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Umbraco Mapper: New Releases Supporting Umbraco V8

Today I've published two new versions of the Umbraco Mapper package, a package that supports the use of view models, by mapping Umbraco content to custom view model classes (original thinking was Automapper for Umbraco I guess).

They are available on for download or can be installed via NuGet.

I was surprised to see that it's been over 5 years since this package was originally built by myself and some colleagues at Zone - a long time in technology. We're still making use of it though, and as I had some popular demand - well, two people(!) - for a version compatible with the latest Umbraco release, thought it would be good to prepare one.

I've taken an approach of restructuring the solution such that there's a common project, containing non-Umbraco dependent core set of functionality, and then created two Visual Studio projects within the solution, one referencing the Umbraco 7 binaries and one the Umbraco 8 ones. That way, I can support both versions moving forward, and at least minimise the extra effort in terms of duplicated code to maintain moving forward. If all goes as expected, I'll be talking about this technique in more detail, along with other factors involved in upgrading packages to Umbraco 8, in an edition of Skrift near you in a month or so.

Release Details

There are two new versions of the package:

  • Version 3.0 - targeting Umbraco 6 and 7
  • Version 4.0 - targeting Umbraco 8
Umbraco 7 (Umbraco Mapper 3.0) Release

This provides almost the same functionality as the most recent 2.0.9 release. However I have bumped the major version due to a few minor breaking changes, mainly taking the opportunity to streamline a few things.

  • The recursiveProperties string parameter passed to the mapping operations has been removed. This an API design issue from the start really, as it was never necessary, and since support has been added for marking particular view model fields to be mapped recursively via the attributes or the property mapping dictionary you can provide in the mapping call.
  • Have changed the approach to passing a CustomMapping object in the property mapping dictionary to require a type and method rather than a CustomMapping instance itself. This aligns with the use via attribute, and improves internal code re-use as version specific Umbraco dependency is removed.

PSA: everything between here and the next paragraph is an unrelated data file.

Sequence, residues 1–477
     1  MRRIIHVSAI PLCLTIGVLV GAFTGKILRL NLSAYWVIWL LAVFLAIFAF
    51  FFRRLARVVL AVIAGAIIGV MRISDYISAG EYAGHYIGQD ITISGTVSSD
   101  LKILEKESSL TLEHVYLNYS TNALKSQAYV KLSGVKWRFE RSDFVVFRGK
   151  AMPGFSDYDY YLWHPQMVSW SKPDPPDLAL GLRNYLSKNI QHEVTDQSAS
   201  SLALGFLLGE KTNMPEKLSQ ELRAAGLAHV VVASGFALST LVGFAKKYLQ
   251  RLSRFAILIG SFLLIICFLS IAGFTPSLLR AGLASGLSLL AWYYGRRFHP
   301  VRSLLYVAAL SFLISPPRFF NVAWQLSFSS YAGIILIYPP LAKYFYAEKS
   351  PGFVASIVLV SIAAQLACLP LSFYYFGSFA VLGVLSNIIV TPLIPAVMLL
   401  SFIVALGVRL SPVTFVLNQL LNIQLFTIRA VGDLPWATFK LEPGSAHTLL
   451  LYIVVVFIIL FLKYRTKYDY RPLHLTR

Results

• Have added a new FallBackMethods property mapping override and attribute. This isn't necessary to use when targeting version 7 as the only method of "falling back" to retrieve a property value when it's not found on the current content node is recursively, via the ancestors in the tree, when the MapsRecursively boolean attribute or property mapping override can be used. It paves the way though for supporting other methods - namely language fallback, in version 8.

I've also restructured the solution and some namespaces as part of the work to support Umbraco 8, though this shouldn't have any effect for users of the package.

Umbraco 8 (Umbraco Mapper 4.0) Release

The release for Umbraco 8 should provide the same functionality as has been available for Umbraco 7, though obviously working with the new release of the CMS platform.

There are two additional features available though.

One is support for language variants. The signatures for the Map and MapCollection methods have been changed to accept an optional culture code (e.g. "en-GB"), and, if provided, the mapping will use the content from the language variant indicated by the culture code.

    mapper.Map(CurrentPage, model, "en-GB");

The related second addition is the support of fallback methods, so we can ask the mapper to retrieve content from a fallback language if the property value requested has no content (in addition to falling back recursively, via the ancestors in the content tree, as was available before). This can be passed either using a dictionary in the mapping operation:

    mapper.Map(CurrentPage, model, "it",
        new Dictionary<string, PropertyMapping>
                { "HelloText", new PropertyMapping 
                    FallbackMethods = Fallback.ToLanguage.ToArray() 

Or by decorating the view model with an attribute:

    public class MyViewModel
        [PropertyMapping(FallbackMethods = new[] { Fallback.Ancestors })]
        public string HelloText { get; set; }

As it's an array, you can even make use of more complicated fallback logic, supported by Umbraco, so you could retrieve content from the fall-back language, and if that fails, via the parent node:

    public class MyViewModel
        [PropertyMapping(FallbackMethods = new[] { Fallback.Language, Fallback.Ancestors })]
        public string HelloText { get; set; }

Wrapping Up

Hopefully this new version provides useful to anyone already using the package and migrating to Umbraco 8, or considering using it for a new project. We'll likely get to put it through it's paces at Zone with some upcoming projects. In the meantime, if anyone does find any issues, please feel free to report on the forum or issue tracker.


  1. I've had a quick look and managed to get things mapping again in my new Umbraco 8 project which is great! Really appreciate the effort you put in to this package Andy and getting a version compatible with Umbraco 8 out so quickly.

  2. Nice, Looking forward to giving it a spin.


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